Category Archives: Law enforcement

Going to Jail

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In one of the many counties of the parish we have a new jail, partially pictured above.

I was able to arrange a face to face with a prisoner. There are a number of Catholics on the inside. If not face to face, a huge exception to the rule – conversations are all recorded by way of video conferencing from the entrance way. But it’s all recorded anyway  even when brought inside for face to face in an interrogation room! If Pope Francis only knew that his Missionary of Mercy is talking to people in actual interrogation rooms! Anyway, face to face is a real help.

My foray into face to face took yet another full law enforcement check on yours truly by the Sheriff, as the DOC is under him and they have to defer to him for such an exception. I think I’m the most checked priest ever.

I must say, everyone at the DOC and the adjunct Sheriff’s Office was entirely and totally kind and helpful to yours truly and I thank them for that.

Perhaps that check was easier and faster than normal since my last massive and entirely absolutely thorough check was spearheaded by the FBI quite recently. I had brought something to the Agency – which preliminaries took some months with various top-level agents – until they then decided to bring the case forward. What that means is that after such preliminaries, and then before they start in on whatever case which looks to have some merit, they do a massive, thorough check on the one bringing the case, you know, because, after all, he could be the guilty party trying to frame someone else, right? So that itself took a number of months. I was told that centers all over the country were involved with the investigation, each specializing in different areas of the law using different methods of investigation. Finally, I was told that I sailed through. So, after even more preliminary questions, they started the case. All I can say is that they are following the case rather closely. :-)

Anyway, the diocese then faxed the DOC a letter of good standing for me to be a volunteer.

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Filed under Law enforcement, Missionaries of Mercy

Creepy guy pulling a gun at the parish

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As I’ve mentioned the other day, there was a car in the upper back parking lot rather aggressively parked up against my car and which was sporting all sorts of logistical red flags. I moved my car just a bit so that I was fully in back of him, just to the side a bit, as it creeped me out that he was just a few inches away.  The only picture take-away I thought I had was the strange licence plate. The window reflections obscured the inside of the car from the back (see above), or so I thought, until just now, a few days later, when I ran the picture through some brightness and contrast tweaking. Unfortunately, the picture is still super grainy and splotchy with reflections of light from the street lights and my headlights (see below).

Fleet Car upper parking lot possible brandishing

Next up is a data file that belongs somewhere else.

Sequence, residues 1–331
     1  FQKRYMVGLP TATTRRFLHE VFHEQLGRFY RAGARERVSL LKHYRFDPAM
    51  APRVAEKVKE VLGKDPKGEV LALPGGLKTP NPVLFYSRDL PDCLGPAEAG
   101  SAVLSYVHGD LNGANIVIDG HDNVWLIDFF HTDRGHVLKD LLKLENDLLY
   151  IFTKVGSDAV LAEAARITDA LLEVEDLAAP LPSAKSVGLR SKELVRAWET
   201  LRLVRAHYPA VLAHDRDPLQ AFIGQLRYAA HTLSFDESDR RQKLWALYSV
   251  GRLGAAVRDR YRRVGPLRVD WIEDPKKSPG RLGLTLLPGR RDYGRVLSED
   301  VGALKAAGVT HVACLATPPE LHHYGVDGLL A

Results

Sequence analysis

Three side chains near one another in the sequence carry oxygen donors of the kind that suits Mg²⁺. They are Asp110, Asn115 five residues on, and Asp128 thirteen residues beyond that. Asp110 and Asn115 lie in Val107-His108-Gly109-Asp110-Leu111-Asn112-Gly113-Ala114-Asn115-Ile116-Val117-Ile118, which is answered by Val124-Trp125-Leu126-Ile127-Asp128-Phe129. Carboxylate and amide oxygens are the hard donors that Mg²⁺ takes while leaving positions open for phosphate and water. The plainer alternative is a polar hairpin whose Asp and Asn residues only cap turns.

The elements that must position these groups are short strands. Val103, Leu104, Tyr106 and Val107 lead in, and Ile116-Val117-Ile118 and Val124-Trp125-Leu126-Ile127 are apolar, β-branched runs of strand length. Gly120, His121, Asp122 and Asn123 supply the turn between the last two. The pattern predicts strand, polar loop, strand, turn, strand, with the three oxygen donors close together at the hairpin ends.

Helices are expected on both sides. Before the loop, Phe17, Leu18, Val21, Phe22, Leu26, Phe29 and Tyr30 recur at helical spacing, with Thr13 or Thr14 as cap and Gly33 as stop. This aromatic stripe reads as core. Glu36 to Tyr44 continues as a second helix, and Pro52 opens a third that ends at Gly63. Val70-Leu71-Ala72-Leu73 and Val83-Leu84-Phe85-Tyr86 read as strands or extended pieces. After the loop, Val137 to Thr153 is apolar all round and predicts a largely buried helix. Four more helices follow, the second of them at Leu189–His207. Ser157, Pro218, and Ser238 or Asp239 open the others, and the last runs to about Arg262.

The driver has flipped himself around in the driver seat and is looking back. It looks like there may be a possibility that he is brandishing a pistol. Of course, I’m NOT, NOT, NOT accusing anyone of anything. It just looks like his brandishing and aiming a pistol might be a good possibility in conjunction with multiple and serious red flags that were presenting at the same time. Again, I realize that the picture is grainy and is of poor quality. Did I say I wasn’t accusing anyone of anything? The red edits on the same picture below might help you you to see what’s going on. I already knew he was wearing a hat when I walked up to my car from another angle, from which angle, by the way, I could clearly see into the car and he appeared to be the only person in the car.

Fleet Car upper parking lot possible brandishing indications

When someone holds a pistol in your direction, the only thing to be seen is the tiny end of the barrel and perhaps a bit of the slide. The rest is covered by, in this case, two hands. Even though he’s aiming directly at me, I doubt he would hit me. The angles of the windows would throw any bullets off by some inches. Or one hopes so. Even though I couldn’t consciously see the gun, I’m guessing my brain could pick this up. It’s part of situational awareness to pay attention to heightened attention, keeping one “left of bang” as they say.

I’m guessing that his brandishing is what was making him so overconfident. I’m guessing he was thinking that I could see his gun. I did not see his gun until now. He saw that I wasn’t responding in kind. He was waiting for something to happen, baiting, threatening. By this point, even without seeing the gun, I was convinced that he was up to no good because of all the red flags:

  • In an entirely empty campus with fully three different parking lots, he had parked next to my car within seconds of my arrival (but after I had quickly gone to check on the doors on campus), and he parked so close to my car (in the opposite direction) that he was purposely blocking the use of both passenger doors. Also, that’s a difficult parking lot to drive into, being so steep that one’s tires will spin. The other parking lots are paved and wide open. He didn’t scrape the paint off my car for being so close, but, just to say, it was really close, entirely creepy.